Liam Duffy, extremism researcher at the Civitas think-tank in London
The fight over the independent review of the Prevent strand of the British Government’s overall Counter-Terrorism Strategy, known as CONTEST, has been a predictable one.
The Prevent Strategy was launched in 2003, and intends to help divert people who are at risk of radicalisation or vulnerable to being recruited to a terrorist group away from this dangerous path.
Prevent has become a statutory duty in many areas of British life. From teachers to nurses, people with responsibilities for potentially vulnerable people are given training in recognising the signs of trouble, and how to refer these individuals to the support systems they need to prevent them getting involved in extremist and criminal activity.
A “Preventing Prevent” lobby, has arisen in the UK, which argues that Prevent turns professionals like teachers into spies and threatens free expression. These arguments, absurd as a matter of fact, are put forward in bad faith by a network of groups support extremism, while pretending to advocate for human rights. Their real aim is to weaken and ultimately eliminate the anti-terrorism laws in Britain to make it easier for them to spread extremist ideas.
The usual suspects from this lobby, who have led the calls for a review to be held, were always going to protest if their preferred candidates weren’t selected to carry out the review. This is because, again, their aim is not to reform and repair Prevent, but destroy it. For example, a key group in the lobby is CAGE, which has repeatedly defended and represented known extremists and terrorists, and has called for the repeal of all counter-terrorism legislation introduced since 9/11.
The outrage with which these people greeted the appointment of Lord Carlile as Independent Reviewer of the Prevent programme was therefore not surprising.
To anyone vaguely familiar with the world of counter-terrorism policy, the appointment of Lord Carlile is a no-brainer. Having spent ten years as the independent reviewer of terrorism legislation, there can be few better qualified to lead such a review. This is why the news has been so uncontroversial outside of the usual suspects.
Prevent providing individuals a voluntary ‘off-ramp’ if they are becoming involved in terrorism, before it is too late, would seem positive. Giving people the option not to ruin their own lives and the lives of countless others without criminalising them is a perfectly healthy and legitimate thing for a democratic state to do, and under normal circumstances would be roundly applauded.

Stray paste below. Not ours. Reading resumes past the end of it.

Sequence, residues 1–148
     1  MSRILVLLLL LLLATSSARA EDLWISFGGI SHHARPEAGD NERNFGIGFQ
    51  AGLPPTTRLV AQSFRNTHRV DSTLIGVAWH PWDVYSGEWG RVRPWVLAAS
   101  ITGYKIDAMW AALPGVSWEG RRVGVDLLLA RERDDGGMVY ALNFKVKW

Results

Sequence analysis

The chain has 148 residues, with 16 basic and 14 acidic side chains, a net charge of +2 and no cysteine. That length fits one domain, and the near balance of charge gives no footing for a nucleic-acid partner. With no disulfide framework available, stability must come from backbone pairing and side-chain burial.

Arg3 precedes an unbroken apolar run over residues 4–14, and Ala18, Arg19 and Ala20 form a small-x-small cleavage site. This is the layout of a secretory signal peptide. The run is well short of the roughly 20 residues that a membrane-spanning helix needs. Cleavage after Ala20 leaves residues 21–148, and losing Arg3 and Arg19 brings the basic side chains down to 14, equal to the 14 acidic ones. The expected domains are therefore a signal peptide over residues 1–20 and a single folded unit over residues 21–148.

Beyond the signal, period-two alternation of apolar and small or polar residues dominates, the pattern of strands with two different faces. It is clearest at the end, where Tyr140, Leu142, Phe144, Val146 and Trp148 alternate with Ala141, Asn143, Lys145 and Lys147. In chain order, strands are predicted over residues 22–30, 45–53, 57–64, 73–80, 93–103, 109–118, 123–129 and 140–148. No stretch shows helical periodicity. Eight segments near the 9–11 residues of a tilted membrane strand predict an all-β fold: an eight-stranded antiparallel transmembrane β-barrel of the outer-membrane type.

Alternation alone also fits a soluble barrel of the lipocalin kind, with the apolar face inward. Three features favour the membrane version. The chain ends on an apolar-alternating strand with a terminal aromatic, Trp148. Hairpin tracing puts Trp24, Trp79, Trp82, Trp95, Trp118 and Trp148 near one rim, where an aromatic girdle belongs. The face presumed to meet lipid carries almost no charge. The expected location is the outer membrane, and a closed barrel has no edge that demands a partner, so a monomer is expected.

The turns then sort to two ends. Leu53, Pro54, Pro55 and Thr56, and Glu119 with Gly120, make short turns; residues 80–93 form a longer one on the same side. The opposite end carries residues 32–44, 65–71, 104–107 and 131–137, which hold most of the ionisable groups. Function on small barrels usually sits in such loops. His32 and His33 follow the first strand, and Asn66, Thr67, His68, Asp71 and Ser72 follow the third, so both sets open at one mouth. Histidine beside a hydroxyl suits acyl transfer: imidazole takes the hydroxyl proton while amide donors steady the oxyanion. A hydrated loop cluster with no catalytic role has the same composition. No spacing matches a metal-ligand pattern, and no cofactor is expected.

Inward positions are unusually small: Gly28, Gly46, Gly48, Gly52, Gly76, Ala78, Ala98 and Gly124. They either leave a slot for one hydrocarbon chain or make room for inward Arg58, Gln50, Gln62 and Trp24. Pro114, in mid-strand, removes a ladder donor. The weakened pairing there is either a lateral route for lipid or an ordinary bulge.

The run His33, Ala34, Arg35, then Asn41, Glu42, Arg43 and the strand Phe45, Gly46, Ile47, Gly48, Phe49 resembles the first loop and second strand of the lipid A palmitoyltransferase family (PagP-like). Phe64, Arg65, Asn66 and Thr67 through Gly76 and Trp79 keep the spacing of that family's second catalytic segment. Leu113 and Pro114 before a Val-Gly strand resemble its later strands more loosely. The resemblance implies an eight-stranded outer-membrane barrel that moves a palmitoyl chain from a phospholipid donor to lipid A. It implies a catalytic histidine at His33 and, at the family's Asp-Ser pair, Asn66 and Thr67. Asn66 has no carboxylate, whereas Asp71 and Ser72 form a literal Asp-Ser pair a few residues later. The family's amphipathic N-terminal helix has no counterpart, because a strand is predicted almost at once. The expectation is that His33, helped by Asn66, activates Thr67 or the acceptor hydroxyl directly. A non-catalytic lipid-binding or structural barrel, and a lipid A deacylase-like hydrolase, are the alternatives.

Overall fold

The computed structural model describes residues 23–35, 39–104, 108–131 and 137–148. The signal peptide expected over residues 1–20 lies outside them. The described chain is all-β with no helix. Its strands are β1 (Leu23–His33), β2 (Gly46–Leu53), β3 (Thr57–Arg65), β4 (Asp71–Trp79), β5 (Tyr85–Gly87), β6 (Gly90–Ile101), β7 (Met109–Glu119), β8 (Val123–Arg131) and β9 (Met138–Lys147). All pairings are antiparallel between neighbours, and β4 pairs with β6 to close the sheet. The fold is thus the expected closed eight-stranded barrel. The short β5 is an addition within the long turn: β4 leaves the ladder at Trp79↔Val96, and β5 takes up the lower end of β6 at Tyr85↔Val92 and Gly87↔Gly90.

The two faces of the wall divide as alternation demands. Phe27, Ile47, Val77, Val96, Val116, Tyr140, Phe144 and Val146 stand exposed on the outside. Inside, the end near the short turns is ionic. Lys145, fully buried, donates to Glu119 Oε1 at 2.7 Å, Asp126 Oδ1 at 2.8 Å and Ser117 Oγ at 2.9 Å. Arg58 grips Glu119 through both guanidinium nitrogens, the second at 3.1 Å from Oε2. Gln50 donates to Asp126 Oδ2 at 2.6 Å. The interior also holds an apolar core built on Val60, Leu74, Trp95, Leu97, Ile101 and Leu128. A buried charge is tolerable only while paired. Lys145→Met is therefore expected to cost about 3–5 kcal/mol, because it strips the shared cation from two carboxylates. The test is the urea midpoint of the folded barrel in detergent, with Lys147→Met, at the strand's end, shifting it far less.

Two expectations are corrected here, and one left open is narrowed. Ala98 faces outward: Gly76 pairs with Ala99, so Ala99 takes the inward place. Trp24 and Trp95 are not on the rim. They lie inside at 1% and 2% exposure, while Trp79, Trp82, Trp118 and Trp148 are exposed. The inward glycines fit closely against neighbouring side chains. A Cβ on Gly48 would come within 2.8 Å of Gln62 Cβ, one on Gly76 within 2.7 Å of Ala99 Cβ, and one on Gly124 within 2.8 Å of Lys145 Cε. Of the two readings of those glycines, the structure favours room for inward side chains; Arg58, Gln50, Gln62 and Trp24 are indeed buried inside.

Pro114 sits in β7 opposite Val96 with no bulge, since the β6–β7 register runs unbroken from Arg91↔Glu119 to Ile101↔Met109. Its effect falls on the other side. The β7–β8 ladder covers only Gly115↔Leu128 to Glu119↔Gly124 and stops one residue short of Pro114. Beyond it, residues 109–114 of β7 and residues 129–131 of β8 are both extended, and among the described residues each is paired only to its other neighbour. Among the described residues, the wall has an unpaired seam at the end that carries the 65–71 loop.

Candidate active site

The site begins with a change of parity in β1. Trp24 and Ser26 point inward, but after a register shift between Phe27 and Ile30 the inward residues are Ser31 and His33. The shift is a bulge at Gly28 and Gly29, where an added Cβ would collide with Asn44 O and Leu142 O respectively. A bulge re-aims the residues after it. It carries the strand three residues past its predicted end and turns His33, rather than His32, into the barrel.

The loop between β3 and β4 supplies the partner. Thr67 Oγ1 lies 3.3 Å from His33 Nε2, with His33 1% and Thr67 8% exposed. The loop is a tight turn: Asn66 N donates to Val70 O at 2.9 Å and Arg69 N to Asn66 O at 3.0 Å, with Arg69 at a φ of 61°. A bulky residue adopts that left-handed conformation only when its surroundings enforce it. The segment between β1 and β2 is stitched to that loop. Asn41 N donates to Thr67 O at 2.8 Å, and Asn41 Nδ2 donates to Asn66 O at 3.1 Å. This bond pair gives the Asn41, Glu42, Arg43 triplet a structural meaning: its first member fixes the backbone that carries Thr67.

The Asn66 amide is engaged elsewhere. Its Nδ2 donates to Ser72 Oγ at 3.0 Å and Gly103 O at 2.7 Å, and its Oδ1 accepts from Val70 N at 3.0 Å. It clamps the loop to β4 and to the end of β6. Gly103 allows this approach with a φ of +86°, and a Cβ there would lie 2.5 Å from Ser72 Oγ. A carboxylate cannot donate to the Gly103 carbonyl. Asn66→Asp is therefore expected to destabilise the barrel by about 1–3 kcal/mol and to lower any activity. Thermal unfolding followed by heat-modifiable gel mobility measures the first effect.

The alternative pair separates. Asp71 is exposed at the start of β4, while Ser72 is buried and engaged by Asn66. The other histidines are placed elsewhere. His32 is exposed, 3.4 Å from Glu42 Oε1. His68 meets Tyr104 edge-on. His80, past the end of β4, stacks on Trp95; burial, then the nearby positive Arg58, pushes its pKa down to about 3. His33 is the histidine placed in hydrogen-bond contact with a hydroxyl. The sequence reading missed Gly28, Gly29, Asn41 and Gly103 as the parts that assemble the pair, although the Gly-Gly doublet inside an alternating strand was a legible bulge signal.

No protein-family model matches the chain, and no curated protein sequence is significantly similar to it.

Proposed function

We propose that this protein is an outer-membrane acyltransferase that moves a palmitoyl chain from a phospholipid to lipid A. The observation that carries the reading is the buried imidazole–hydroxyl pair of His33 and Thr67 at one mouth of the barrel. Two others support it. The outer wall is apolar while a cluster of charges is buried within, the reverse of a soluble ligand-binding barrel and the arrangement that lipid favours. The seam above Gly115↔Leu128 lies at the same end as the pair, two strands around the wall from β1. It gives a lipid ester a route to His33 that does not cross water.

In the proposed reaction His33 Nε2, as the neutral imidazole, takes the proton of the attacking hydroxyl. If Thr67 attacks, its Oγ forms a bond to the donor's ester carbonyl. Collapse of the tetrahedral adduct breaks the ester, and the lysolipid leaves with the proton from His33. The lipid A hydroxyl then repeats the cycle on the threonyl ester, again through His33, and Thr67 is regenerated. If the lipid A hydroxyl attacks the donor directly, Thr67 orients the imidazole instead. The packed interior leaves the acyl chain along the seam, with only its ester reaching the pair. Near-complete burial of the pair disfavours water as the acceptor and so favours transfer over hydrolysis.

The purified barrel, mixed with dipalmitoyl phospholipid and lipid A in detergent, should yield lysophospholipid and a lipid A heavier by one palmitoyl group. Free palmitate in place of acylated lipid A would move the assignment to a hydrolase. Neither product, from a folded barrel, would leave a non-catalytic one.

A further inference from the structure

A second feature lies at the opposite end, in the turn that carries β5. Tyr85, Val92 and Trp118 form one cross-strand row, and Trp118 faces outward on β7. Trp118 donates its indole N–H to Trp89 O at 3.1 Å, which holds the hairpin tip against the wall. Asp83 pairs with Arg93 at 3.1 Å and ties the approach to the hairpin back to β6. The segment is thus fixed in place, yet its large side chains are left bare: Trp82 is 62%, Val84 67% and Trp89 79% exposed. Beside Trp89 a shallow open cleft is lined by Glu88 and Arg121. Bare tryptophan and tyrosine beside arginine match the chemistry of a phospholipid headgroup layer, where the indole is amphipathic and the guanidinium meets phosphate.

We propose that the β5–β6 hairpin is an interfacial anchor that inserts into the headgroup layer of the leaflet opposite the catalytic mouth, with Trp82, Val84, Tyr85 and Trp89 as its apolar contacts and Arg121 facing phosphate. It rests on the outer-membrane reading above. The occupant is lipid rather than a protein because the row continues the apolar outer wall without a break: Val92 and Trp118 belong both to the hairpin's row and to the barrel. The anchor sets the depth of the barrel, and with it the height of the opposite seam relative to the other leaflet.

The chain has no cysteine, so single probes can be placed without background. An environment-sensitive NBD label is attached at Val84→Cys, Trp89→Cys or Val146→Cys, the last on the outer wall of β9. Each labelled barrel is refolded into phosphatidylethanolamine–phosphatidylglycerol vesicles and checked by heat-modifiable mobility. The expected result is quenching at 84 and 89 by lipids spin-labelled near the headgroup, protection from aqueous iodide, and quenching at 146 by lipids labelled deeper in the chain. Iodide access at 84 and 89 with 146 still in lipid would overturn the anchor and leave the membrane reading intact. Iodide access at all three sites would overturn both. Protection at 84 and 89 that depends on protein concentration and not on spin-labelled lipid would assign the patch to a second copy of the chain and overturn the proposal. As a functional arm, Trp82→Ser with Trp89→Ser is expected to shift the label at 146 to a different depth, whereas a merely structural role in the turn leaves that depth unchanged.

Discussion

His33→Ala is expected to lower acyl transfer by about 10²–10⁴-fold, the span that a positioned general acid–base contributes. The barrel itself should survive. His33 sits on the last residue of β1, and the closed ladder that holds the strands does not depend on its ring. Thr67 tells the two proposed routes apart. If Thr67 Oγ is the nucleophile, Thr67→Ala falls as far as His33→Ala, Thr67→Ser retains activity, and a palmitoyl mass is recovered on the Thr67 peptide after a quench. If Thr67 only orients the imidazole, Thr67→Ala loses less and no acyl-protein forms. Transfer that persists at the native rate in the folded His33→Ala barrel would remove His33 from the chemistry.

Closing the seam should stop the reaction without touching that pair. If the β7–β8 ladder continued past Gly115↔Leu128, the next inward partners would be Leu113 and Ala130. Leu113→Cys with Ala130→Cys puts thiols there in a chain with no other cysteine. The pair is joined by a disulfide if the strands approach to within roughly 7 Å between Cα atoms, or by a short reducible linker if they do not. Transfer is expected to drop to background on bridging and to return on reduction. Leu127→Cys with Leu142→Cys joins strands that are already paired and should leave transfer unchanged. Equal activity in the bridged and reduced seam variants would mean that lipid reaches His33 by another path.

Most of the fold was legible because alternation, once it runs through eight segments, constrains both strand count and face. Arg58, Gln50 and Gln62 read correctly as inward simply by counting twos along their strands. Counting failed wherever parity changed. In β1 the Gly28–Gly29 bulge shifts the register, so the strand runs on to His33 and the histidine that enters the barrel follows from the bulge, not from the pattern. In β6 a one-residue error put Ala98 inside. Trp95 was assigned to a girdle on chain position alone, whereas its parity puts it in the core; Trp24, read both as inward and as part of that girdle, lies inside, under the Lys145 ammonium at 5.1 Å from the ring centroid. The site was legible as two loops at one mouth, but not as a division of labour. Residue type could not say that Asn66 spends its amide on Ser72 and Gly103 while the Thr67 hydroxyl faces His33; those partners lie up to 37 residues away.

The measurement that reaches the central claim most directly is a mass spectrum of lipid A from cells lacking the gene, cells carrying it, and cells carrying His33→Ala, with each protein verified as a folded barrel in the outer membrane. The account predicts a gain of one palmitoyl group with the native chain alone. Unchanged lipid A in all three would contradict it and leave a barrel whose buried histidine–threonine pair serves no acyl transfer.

But Prevent has become a key battleground for extremists seeking to sabotage Britain’s counter-terrorism efforts. The irony is that the demands for Prevent to be scrapped are a key part of what resulted in the initiation of independent review in the first place, and the subsequent appointment of Lord Carlile, which will strengthen a policy this lobby was trying to repeal.
So, while the Home Office has been accused of whitewashing the review before it has even begun, those who whitewash and minimise the ever-present and looming threat of terrorism can hardly be considered sincere and good-faith interlocutors in our collective response to terror.
Naturally, Conservative peer Baroness Sayeeda Warsi was quick to denounce the announcement, telling her 150,000 Twitter followers that Lord Carlile does not have the “trust of the communities that have been on the receiving end of the excesses and mistakes of Prevent”.
Considering the average man or woman on the street has likely never heard of Prevent, and that many of the supposed “excesses” of Prevent have been shown to be misleading at best and frequently manufactured, it is questionable what such levels of trust would look like, or if they are even attainable.
Furthermore, claims that anyone has the trust of, or can speak for, any one community should be treated with great suspicion.